UBC Theses and Dissertations
Atypical roles for campylobacter jejuni AA-ABC transporter components PAQP and PAQQ in bacterial stress tolerance and pathogen-host cell dynamics Lin, Ann En-Ju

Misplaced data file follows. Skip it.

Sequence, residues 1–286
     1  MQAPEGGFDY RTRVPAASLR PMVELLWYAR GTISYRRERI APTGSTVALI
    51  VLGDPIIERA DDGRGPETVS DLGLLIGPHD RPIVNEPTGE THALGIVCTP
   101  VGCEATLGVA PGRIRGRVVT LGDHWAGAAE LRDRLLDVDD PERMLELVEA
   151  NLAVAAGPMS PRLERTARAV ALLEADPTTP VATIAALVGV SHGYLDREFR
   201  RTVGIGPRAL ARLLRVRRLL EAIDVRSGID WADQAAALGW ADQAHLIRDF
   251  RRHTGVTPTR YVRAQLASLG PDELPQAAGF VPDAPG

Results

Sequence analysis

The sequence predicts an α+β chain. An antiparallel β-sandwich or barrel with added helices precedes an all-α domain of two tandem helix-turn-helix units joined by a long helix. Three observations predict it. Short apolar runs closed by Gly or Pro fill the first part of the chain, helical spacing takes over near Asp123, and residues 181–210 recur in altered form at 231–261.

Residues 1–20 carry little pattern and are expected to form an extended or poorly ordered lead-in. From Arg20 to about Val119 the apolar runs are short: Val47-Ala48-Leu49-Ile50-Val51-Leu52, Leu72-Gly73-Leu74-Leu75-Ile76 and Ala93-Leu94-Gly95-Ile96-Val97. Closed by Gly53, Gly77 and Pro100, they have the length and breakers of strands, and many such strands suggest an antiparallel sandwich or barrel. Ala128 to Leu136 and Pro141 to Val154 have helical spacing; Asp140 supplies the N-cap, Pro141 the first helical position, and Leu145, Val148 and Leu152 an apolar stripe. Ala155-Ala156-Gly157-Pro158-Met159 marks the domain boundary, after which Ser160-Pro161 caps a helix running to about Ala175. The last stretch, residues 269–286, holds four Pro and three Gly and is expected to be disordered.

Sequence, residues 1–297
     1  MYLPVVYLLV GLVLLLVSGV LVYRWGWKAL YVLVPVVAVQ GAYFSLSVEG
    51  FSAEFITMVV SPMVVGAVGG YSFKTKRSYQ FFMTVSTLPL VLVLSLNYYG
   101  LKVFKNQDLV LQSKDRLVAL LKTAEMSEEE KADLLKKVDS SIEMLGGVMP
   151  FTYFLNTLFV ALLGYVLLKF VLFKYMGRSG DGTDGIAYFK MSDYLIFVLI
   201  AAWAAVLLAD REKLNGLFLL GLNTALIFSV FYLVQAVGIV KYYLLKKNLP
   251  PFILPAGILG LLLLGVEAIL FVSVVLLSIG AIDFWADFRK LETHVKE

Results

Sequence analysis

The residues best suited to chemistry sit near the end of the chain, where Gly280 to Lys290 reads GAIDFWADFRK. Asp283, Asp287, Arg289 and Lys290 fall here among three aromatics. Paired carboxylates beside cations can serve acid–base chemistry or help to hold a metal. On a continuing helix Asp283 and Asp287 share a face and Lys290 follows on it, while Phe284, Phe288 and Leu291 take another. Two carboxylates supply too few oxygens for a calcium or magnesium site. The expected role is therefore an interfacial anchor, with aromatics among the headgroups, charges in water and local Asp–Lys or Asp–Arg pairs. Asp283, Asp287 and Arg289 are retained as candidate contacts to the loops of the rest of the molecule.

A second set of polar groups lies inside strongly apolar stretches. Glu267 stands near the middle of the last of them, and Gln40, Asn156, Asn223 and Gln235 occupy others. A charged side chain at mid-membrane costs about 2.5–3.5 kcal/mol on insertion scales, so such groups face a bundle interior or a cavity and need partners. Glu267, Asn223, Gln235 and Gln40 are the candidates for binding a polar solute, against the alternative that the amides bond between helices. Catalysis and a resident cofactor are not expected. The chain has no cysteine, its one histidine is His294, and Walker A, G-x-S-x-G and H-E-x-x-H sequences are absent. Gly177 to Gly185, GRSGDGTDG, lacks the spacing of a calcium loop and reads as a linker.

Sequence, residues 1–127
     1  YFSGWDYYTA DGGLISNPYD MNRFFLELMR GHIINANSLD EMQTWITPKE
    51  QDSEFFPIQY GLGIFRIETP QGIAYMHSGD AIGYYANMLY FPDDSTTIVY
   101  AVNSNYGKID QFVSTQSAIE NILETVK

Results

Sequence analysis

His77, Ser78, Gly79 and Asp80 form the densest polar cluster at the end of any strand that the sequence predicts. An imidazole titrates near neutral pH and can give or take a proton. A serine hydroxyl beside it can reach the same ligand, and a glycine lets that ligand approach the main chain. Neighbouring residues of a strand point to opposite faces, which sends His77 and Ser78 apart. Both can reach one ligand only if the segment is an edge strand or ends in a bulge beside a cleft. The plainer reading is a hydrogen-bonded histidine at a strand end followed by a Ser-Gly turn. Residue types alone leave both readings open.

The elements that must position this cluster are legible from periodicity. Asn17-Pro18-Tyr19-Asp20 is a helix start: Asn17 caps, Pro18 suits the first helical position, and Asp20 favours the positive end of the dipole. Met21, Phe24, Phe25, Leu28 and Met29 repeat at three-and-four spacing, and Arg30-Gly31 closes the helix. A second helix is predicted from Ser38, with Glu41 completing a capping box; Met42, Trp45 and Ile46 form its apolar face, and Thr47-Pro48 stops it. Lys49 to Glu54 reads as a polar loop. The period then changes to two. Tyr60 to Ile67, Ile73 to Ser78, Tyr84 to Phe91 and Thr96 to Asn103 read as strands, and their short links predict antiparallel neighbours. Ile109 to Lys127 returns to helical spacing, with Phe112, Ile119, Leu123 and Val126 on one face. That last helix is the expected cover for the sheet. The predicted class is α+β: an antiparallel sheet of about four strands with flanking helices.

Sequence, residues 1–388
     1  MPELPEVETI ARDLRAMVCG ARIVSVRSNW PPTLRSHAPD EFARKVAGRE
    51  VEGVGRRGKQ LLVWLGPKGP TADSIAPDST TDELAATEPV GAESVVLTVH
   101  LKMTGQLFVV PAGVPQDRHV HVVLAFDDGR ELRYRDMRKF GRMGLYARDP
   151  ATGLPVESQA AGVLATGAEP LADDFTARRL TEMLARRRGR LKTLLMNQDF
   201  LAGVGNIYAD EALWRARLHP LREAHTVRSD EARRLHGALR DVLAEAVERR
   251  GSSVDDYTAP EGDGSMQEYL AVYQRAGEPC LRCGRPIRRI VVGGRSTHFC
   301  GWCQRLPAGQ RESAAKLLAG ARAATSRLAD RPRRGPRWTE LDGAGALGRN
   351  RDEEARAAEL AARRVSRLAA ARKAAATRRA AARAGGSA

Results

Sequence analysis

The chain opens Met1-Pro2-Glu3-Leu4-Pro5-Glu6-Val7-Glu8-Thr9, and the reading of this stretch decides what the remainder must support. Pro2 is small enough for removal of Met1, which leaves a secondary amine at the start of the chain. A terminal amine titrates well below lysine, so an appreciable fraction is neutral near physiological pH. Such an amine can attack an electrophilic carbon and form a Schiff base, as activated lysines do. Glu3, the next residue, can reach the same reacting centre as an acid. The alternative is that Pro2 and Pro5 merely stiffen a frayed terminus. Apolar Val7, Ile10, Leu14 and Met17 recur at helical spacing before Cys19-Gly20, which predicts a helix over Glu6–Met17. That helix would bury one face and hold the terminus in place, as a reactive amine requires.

Campylobacter jejuni is a human pathogen that causes severe diarrhea! disease. However, our understanding of C. jejuni virulence mechanisms and survival during disease and transmission remains limited. Amino acid ATP Binding Cassette (AA-ABC) transporters in C. jejuni have been proposed as being important for bacterial physiology and pathogenesis. We have investigated a novel AA-ABC transporter system, encoded by cj0467-9, by generating targeted deletions of cj0467 (membrane transport component) and cj0469 (ATPase component) in C. jejuni 81-176. Analyses described herein have led us to designate these genes paqP and paqQ, respectively [pathogenesis-ssociated glutamine (q) ABC transporter permease () and ATPase (Q)]. We found that loss of either component resulted in amino acid uptake defects, most notably diminished glutamine uptake. Both ΔpaqP and ΔpaqQ mutants also exhibited a surprising but significant increase in short-term intracellular survival in macrophages and epithelial cells. Levels of resistance to a series of environmental and in vivo stresses were examined. Both mutants were hyper-resistant to aerobic and oxidative stress, and while ΔpaqP was also hyper-resistant to heat and osmotic shock, ΔpaqQ was more susceptible than wild-type to the latter two stresses. Annexin-V staining coupled with fluorescence microscopy revealed that macrophages infected with the ΔpaqP and ΔpaqQ mutants underwent a lower level of apoptosis than cells infected with wild-type bacteria. Macrophages infected with the mutant strains exhibited a transient decrease in ERK activation compared to wild type-infected macrophages, potentially explaining the reduced apoptosis phenotype. The ΔpaqP mutant did not exhibit a defect for short or longer term mouse colonization, consistent with its increased stress survival and diminished host cell damage phenotypes. Collectively, these results demonstrate a unique correlation between an AA-ABC transporter with bacterial stress tolerance, intracellular survival, host cell damage, and host signal transduction in response to pathogen infection.
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